Other useful items you may wish to bring include:
Pliers
Wire cutters
Cellotape
Ribbons & feathers

Registration includes refreshments, light buffet lunch, information booklet, felt hat blanks, wool, buckram, petersham, wire and use of blocks and hat stiffening. Most supplies are imported from Europe and can be rather costly. 

Ages: Adult & students of EDHDA with sewing experience. Less intensive 5 x 1/2 day millinery classes have been made available in early January for ages 12-Adult. Book online above.

Teacher: Aylwen Gardiner-Garden is a historical dressmaker & milliner in Canberra who has studied millinery at the London College of Fashion, hand embroidery at the Royal School of Needlework and historic hand sewing at the School of Historic Dress in England.

Nov 24, 2017

Balmoral Bonnet

Balmoral Bonnet in the Charles Wade Collection at Berrington Hall, UK.
National Trust SNO 1228

Two-colour diced band in process

Diced band complete

Increasing the beret

Me, testing what the bonnet might look like. A bit big.

Decreasing to finish the top of the beret. Double point needles used at this stage.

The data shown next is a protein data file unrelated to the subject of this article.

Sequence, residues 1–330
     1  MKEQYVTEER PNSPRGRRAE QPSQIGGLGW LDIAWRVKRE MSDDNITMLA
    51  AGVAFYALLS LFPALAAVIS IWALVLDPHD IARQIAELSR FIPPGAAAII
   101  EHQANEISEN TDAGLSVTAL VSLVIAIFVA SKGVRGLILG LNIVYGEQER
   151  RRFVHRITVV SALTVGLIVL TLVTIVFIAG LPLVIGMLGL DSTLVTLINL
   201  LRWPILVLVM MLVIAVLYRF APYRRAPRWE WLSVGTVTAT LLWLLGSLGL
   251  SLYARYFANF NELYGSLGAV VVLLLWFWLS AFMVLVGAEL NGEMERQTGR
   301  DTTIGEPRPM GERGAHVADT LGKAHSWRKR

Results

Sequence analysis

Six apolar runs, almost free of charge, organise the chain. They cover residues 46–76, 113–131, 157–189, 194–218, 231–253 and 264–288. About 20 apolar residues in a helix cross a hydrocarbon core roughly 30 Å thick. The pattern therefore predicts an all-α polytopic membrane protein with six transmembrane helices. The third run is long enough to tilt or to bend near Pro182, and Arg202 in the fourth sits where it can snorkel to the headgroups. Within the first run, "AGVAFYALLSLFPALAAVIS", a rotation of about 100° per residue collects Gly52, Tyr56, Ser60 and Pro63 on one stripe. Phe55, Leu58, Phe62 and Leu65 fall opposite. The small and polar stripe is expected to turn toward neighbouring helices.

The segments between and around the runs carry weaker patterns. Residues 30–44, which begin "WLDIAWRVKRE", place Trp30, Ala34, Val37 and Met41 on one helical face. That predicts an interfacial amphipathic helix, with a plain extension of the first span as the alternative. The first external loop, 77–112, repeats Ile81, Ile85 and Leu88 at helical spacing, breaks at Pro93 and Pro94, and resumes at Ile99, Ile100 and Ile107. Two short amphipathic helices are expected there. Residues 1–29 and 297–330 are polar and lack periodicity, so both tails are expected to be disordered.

Bonnet knitting complete. It is soft and large.

Starting the hand-felting process.

Felting over, blocked and drying in the sun.

Photo taken inside while wet and blocked.



Nov 16, 2017

Australian Cabbage Tree Hat

Last weekend the Earthly Delights Historic Dance Academy in Canberra hosted a Cabbage Tree Hat workshop with Sue and Don Brian. Sue and Don had spent five years on Norfolk Island where they became interested in the history and practice of making the cabbage tree hat. The tradition of hat weaving continues on Norfolk except hats are made these days with flax, banana bark and Norfolk Palm.
Men's Cabbage Tree Hat, c. 1860-1880, owned by John C. Read, Governor of Darlinghurst Gaol from 1861-1889.

The earliest reference to wearing cabbage tree hats in Australia refers to an incident with Flinders in 1799 in An Account of the English Colony in NSW 1788-1801:
"Flinders was wearing a cabbage-tree hat, for which a native had a fancy. The fellow took a long stick with a hook at the end of it, and, laughing and talking to divert attention from his purpose, endeavoured to take the hat from the commander's head. His detection created much laughter; as did that of another black with long arms, who tried to creep up to snatch the hat, but was afraid to approach too near".